Lamont proposes transit upgrades
MERIDEN — Ned Lamont said Monday that if elected governor, he will invest the $100 million in annual revenue from new truck-only tolls and renewed investment from the federal government to improve transportation infrastructure and transit-oriented development.
The result would be more people living in cities, better economic growth, an increase in mass transit use and a reduction in car traffic, the Democratic candidate said.
Lamont and his running mate, Susan Bysiewicz held a news conference at the revamped train station here, which since the spring has been a stop on the expanded New Haven-to-Springfield line that is carrying about 2,000 riders a day.
As many as 300 new apartments, developed by builders in this post-industrial city of about 60,000, is a good example of public-private synergy, he said. Bysiewicz said that another 500 housing units are going up within walking distance of the South Norwalk train station.
State business leaders agree, Lamont said, that the key to economic growth is to solve the transportation problems.
“I hear that wherever I go: ‘We cannot get our people to work. Our customers cannot get to work. It’s gridlock on the roads.’ And this should be priority one for the next governor of the state of Connecticut.”
In addition to fixing roads and bridges, Lamont wants more-frequent rail service; free Wifi on trains; better connections between public transportation and Bradley International Airport; and to explore the possibility of buying the Amtrak train line between New Haven and Hartford. He also wants more-frequent trains on Shoreline East and Waterbury.
Lamont charged that Bob Stefanowski, the Republican candidate who wants to eliminate the personal income tax and corporate profits taxes over eight years, would have to halt many active projects, including the Walk Bridge replacement in Norwalk, because of the loss in revenue.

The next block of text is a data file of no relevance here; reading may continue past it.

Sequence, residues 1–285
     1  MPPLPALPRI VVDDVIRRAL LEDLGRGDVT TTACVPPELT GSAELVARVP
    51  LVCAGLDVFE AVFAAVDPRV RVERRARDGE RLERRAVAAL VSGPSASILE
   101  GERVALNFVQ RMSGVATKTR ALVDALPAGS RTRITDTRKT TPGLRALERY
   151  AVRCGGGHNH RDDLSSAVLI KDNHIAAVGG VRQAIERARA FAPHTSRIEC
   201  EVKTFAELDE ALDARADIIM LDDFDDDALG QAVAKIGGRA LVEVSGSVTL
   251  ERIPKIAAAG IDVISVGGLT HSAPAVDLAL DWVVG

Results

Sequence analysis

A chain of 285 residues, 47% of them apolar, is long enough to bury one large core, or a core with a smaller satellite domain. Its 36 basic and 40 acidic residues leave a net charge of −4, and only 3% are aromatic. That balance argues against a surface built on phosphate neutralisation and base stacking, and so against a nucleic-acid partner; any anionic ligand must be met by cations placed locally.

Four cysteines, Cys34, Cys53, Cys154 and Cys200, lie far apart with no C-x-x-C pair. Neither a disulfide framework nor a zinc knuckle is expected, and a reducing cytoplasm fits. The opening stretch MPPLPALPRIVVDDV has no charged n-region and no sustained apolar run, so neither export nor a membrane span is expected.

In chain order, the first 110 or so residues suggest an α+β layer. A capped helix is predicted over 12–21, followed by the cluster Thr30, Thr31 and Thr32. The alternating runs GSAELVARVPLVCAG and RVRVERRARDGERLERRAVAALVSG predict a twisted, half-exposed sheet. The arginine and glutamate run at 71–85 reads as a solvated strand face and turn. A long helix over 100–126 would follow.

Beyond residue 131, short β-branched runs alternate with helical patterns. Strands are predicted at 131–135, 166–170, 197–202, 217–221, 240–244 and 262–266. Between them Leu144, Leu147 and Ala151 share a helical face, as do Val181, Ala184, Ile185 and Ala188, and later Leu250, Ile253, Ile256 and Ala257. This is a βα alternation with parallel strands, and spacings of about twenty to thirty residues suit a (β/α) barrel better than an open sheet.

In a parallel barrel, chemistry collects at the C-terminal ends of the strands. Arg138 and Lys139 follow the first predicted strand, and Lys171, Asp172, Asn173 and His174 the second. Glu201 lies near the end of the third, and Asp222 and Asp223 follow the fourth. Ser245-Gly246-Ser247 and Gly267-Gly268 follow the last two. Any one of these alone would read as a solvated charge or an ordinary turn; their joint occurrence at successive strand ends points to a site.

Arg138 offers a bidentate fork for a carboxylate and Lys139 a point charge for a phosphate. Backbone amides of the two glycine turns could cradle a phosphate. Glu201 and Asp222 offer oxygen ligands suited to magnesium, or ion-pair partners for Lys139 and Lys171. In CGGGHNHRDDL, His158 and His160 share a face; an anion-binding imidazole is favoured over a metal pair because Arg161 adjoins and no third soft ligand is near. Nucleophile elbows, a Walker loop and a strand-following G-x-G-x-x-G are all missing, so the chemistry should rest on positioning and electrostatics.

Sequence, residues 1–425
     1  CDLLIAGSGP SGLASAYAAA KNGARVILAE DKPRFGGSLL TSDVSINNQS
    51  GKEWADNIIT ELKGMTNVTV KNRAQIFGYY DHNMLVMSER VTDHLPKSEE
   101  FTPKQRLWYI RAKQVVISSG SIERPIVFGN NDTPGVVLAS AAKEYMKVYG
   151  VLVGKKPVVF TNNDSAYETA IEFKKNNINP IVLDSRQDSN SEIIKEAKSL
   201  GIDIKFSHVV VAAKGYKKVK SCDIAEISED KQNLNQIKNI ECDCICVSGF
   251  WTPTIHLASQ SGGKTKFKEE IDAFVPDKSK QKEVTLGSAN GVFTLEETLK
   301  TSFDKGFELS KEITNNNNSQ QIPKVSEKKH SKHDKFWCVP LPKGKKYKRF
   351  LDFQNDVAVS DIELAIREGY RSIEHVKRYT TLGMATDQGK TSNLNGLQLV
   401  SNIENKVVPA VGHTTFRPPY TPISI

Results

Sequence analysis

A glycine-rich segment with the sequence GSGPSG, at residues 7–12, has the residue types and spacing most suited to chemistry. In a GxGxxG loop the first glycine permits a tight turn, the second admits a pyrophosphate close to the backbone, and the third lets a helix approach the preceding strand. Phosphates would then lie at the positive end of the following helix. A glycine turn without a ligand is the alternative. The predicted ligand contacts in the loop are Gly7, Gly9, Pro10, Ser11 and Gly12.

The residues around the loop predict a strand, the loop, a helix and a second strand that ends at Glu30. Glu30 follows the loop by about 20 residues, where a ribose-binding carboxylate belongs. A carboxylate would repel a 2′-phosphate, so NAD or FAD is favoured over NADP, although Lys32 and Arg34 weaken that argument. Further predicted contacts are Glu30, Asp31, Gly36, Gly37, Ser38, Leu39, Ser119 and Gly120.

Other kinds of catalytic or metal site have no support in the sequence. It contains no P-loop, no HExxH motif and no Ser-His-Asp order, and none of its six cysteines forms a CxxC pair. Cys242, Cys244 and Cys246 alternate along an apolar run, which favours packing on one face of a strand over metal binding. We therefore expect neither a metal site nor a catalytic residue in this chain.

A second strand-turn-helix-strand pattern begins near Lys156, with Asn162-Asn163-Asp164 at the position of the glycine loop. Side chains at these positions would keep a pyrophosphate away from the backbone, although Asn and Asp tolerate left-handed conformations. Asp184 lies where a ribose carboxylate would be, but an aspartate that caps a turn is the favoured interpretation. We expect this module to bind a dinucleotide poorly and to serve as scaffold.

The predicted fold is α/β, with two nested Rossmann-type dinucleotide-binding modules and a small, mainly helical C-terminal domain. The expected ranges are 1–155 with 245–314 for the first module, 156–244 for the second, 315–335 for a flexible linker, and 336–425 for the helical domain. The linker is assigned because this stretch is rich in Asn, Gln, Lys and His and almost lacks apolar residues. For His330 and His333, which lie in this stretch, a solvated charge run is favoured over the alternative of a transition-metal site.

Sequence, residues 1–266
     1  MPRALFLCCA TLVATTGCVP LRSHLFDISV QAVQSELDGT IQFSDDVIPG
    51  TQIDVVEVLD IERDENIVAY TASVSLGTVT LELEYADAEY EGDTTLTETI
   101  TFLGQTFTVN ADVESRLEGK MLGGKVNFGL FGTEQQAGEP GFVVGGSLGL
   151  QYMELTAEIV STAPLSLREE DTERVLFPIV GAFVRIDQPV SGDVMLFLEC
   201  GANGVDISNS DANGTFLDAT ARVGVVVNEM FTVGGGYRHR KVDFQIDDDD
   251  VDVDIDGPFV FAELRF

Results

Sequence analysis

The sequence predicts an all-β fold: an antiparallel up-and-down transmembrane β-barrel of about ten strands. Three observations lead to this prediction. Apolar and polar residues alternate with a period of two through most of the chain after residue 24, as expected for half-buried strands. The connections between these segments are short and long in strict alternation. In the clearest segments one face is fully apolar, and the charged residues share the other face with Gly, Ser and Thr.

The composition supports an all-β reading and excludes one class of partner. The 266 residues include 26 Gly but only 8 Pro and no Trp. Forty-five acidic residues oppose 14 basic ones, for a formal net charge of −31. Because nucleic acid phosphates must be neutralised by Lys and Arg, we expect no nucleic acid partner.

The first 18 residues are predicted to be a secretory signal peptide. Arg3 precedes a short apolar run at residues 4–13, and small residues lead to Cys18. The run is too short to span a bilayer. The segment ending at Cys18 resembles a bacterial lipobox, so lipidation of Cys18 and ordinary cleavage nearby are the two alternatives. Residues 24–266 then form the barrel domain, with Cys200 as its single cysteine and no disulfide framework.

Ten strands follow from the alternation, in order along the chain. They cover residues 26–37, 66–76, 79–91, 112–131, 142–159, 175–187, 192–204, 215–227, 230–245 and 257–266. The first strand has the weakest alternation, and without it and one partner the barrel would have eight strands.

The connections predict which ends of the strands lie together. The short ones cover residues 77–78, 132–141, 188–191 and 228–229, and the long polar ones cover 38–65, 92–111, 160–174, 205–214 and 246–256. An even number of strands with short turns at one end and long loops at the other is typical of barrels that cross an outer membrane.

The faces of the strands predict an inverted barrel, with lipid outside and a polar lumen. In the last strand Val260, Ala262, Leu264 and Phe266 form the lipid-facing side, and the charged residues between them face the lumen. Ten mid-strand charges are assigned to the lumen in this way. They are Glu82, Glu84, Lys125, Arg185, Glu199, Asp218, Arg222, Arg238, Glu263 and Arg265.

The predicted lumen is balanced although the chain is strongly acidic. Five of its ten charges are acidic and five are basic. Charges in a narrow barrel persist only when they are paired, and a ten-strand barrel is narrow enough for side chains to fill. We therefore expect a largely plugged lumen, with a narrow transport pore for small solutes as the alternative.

In response, Stefanowski skirted the transportation question and stayed on his one message — he will cut taxes to create growth.
“While I have to applaud Ned for his creativity, his assertions here are pure fiction,” Stefanowski said in a statement. “My plan will reverse this economic failure and bring Connecticut back in line with regional growth which will result in more revenue to fund critical priorities like transportation and education.”
Lamont’s proposal is a far less ambitious transportation fix than Malloy envisioned.
In early 2015, Malloy proposed a 30-year, $100-billion upgrade of the state’s entire transportation system, including $2.8 billion to widen I-95 in Southwestern Connecticut and install a rapid-bus lane between Stamford and Norwalk by 2020. Though unpopular — especially in an election year — Malloy saw tolls as part of the solution to the state’s transportation problem. Most of the Legislature didn’t agree and the plan did not advance.
Lamont’s truck-only tolls would bring in $100 million a year in new revenue, he said, but it would likely face a legal challenge.
Joseph Sculley, president of the Motor Transportation Association of Connecticut, warned that a pending lawsuit over Rhode Island’s truck-only tolls is now in court on interstate-commerce claims.
“The proposal to toll just out-of-state tractor trailers is so clearly a violation of the U.S. Constitution, that this is almost not even worth discussing any further,” declared Sculley. “This proposal is devoid of facts and is misleading the public.”
Lamont and Bysiewicz’s support for tolls will vanish, however, if on November 6, statewide voters reject the creation of a so-called lock box to keep transportation revenue separate from the general budget. The lock box question will appear on the ballot as a proposed constitutional amendment.
Lamont is also hoping for federal infrastructure dollars that, in the past, have paid for 80 percent of most projects.
If Democrats can take the U.S. House of Representatives in the fall, Lamont said, veteran Rep. John Larson, a member of the powerful Ways and Means Committee, could help the state. “We get 80-20 funding from the federal government like we always used to, we can make a big bit of progress,” Lamont said, noting that gas-related tax revenue have increased slightly in the state’s Special Transportation Fund.
He did not rule out securitizing, a tactic in which the state would accept up-front revenue from a contractor.
“I will look at any creative idea, public, private, securitizing, that gets us going again,” he said. “Make sure that we have the money we need to fix our roads and bridges, and more-frequent rail service, just like we’re seeing in Meriden. Everything we can do to get cars and trucks off the road, more people using public transportation like rail is a good thing for the state of Connecticut.”